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Beyond the big idea – redefining ‘innovation’ to include small business

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By Mandy D’Autremont

Google. Apple. Shopify. 3M. These companies tend to come to mind when we talk about ‘innovation’. We picture it as something that takes place in a computer lab, usually in the science or tech field. But, for most of Canada’s independent businesses, innovation does not necessarily mean developing a new app or wearable technology.

Canada’s small business owners, like you, think creatively to come up with solutions to everyday business problems and these steps are also a form of innovating. Innovation can include coming up with a new way of marketing your services, tweaking a product for a new market, or adopting a better tracking system to improve productivity. These innovations may involve using existing technologies in a new way or adopting a strategy that you have not applied before.  

Limiting the definition of ‘innovation’ to new inventions exclude the vast majority of independent businesses, and unintentionally reinforces the notion that Canadian businesses are not innovative enough.  As a result Canadian businesses typically don’t see themselves as part of the conversation on innovation since the definition used by government is often limited to the IT sector and is increasingly focused on the next big idea.

The Canadian Federation of Independent Business’s (CFIB) report, Beyond the Big Idea: Redefining and rethinking the innovation agenda, based on survey results of more than 6,000 small business owners, shows that innovation takes many forms for independent businesses and is not the exclusive domain of high-tech start-ups or cluster hubs.

In fact, over 80 per cent of our members implemented an innovative change within the past five years. Ninety per cent of those in manufacturing took on at least one type of innovative activity, as did 77 per cent of businesses in agriculture. For example, one of CFIB’s agri-business members explained some of the activities they implemented to innovate:  “We are dairy farmers and we installed activity monitors on all the livestock. This tracks their activity so we can get them pregnant sooner to increase production. Also on this system it tracks their eating and rumination and temperature in order to watch their health better and easier. [It] allows us to treat them sooner and make better decisions in their treatment and ration changes.”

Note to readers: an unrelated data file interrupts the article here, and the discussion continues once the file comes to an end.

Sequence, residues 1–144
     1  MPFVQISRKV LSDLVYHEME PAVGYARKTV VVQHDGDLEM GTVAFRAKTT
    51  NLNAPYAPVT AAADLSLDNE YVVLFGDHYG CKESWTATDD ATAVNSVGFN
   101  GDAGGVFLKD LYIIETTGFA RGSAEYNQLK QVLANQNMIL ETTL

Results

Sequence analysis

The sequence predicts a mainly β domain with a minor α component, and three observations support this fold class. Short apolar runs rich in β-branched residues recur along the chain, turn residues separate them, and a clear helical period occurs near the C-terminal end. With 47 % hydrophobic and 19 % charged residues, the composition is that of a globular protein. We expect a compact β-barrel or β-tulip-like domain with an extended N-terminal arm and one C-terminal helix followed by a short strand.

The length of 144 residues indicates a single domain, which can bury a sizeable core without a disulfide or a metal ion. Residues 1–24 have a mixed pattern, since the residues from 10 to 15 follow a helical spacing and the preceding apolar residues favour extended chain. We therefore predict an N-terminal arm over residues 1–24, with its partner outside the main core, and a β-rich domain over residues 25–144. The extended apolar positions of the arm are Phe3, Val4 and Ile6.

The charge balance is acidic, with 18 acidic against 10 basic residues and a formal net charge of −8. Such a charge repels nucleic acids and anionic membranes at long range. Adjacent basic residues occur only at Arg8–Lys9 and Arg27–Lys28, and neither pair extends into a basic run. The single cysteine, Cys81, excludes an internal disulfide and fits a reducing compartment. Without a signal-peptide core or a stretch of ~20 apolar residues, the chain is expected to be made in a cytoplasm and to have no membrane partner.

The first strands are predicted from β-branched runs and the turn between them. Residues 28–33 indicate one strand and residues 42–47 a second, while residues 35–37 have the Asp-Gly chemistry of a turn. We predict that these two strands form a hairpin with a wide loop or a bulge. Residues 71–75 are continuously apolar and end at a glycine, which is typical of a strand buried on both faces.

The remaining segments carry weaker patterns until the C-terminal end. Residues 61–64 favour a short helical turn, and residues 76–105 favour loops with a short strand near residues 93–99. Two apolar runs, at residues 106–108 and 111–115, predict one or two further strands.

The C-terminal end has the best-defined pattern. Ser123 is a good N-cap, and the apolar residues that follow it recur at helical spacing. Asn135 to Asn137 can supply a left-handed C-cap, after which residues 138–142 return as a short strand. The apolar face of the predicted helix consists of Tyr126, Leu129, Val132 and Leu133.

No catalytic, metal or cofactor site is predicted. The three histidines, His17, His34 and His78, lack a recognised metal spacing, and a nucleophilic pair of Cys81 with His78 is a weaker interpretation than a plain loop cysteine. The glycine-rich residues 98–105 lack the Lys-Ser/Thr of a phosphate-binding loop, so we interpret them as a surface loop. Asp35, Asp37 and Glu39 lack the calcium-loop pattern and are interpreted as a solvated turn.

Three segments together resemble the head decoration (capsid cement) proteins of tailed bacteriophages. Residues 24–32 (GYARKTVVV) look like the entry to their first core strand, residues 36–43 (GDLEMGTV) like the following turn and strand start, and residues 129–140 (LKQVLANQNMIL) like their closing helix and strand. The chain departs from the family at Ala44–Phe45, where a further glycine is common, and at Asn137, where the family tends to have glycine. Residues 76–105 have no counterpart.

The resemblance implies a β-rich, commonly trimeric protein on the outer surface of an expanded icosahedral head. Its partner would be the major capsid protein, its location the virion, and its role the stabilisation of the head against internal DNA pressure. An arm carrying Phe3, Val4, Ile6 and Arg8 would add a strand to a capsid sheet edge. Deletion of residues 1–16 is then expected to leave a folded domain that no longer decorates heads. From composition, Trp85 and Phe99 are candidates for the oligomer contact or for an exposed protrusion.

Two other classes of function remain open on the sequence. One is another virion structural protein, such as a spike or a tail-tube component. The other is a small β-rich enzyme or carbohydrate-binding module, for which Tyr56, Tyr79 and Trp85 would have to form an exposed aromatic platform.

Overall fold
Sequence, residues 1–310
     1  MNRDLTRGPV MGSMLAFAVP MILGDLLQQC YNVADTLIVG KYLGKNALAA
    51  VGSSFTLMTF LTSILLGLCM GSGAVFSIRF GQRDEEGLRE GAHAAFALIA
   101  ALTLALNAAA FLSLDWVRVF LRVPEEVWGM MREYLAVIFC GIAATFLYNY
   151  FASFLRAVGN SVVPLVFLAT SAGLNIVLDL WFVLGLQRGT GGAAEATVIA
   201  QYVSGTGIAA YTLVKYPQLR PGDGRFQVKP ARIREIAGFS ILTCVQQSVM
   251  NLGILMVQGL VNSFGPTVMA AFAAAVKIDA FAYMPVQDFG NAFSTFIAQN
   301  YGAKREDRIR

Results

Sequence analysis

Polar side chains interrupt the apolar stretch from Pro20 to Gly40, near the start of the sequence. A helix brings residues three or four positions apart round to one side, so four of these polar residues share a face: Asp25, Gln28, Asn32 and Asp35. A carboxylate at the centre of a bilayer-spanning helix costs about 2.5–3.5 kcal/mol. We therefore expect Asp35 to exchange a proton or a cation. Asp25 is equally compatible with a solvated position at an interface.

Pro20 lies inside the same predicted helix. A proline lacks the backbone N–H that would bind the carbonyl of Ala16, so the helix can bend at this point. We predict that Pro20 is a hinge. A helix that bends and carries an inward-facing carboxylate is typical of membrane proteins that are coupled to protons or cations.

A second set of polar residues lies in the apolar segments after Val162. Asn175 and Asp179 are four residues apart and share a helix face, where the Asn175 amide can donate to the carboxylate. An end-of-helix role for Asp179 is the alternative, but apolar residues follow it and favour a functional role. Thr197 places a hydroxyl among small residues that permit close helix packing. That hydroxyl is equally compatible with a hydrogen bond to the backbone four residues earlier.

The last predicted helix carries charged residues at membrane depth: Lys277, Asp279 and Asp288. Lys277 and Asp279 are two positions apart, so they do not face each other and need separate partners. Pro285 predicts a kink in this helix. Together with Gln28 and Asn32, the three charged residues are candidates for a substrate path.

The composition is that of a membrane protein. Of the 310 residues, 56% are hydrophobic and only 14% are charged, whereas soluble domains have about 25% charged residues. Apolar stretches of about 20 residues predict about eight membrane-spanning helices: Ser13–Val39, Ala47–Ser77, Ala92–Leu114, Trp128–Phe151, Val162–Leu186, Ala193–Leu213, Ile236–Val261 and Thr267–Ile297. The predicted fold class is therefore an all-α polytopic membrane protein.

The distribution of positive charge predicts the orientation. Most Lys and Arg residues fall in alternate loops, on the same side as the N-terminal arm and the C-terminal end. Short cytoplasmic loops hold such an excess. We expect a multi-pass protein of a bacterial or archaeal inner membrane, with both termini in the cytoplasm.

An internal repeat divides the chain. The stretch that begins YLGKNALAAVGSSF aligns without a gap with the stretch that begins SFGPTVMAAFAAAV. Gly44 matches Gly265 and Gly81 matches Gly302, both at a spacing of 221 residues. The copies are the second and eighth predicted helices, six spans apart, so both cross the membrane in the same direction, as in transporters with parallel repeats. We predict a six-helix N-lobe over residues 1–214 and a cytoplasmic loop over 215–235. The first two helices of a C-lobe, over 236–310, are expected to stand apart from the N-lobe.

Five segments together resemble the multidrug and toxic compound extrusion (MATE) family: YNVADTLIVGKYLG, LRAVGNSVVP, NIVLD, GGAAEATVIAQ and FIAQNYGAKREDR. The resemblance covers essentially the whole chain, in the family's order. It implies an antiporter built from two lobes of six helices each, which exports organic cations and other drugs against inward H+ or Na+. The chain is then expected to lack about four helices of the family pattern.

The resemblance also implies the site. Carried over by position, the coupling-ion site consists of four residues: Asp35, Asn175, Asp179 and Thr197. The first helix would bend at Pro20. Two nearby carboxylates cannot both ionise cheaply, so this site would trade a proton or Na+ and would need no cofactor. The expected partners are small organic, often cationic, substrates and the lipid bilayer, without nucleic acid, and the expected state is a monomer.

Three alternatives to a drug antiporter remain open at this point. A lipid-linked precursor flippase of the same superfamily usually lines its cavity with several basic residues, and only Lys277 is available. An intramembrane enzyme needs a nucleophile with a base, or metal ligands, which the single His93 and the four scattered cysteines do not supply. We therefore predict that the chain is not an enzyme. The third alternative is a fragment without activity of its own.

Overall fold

These survey findings may sound surprising because even though Canadian businesses are innovating, Canada usually fares poorly in rankings of OECD-type countries’ progress or work on innovation.

Clearly, traditional conversations around innovation aren’t telling the whole story. We need to reframe these conversations to better reflect what Canadian businesses are doing, and what can be done to support them.

The federal government has signalled a renewed focus on innovation through their Innovation Agenda. This can be an opportunity for the government to ensure small business owners are included in the conversation. Given small businesses make up the vast majority of Canada’s economy, it only makes sense that they take a central role in the Canadian innovation agenda.

However, creating an environment that encourages innovation shouldn’t mean that the government has to create costly new financing grants and programs. Instead, it would be more effective to address the barriers to innovation, such as skilled labour shortages, red tape and taxes.  Reinstating the small business corporate tax reduction plan and easing – not increasing – the burden of payroll taxes, are examples of policies that would encourage more innovation in small business.

CFIB also recommends approaching new regulations and legislation with an ‘innovation lens’ that will consider the impact of new policies on a small business’s ability to innovate.

The ideal policy model that drives innovation will help small businesses hire more people, pay higher wages and be even more productive contributors to Canada’s economic growth. Another way for government to do that would be to implement an innovation deduction that would allow businesses to claim up to $100,000 per year on new equipment and technology similar to what was recently introduced in the United States.

Innovation is not a goal in and of itself, but rather a way for businesses to increase productivity and create jobs. And we know innovation is happening every day in small business, like yours. What we really need is to build an economic environment that supports all kinds of innovation.

Mandy

Mandy D’Autremont is Director, Agri-business with the Canadian Federation of Independent Business. She can be reached at[email protected]

Established in 1971, CFIB is Canada’s largest association of small- and medium-sized businesses, CFIB is Powered by Entrepreneurs™.  CFIB takes direction from more than 109,000 members (including 7,200 agri-business owners) in every sector nationwide, giving independent business a strong and influential voice at all levels of government and helping to grow the economy.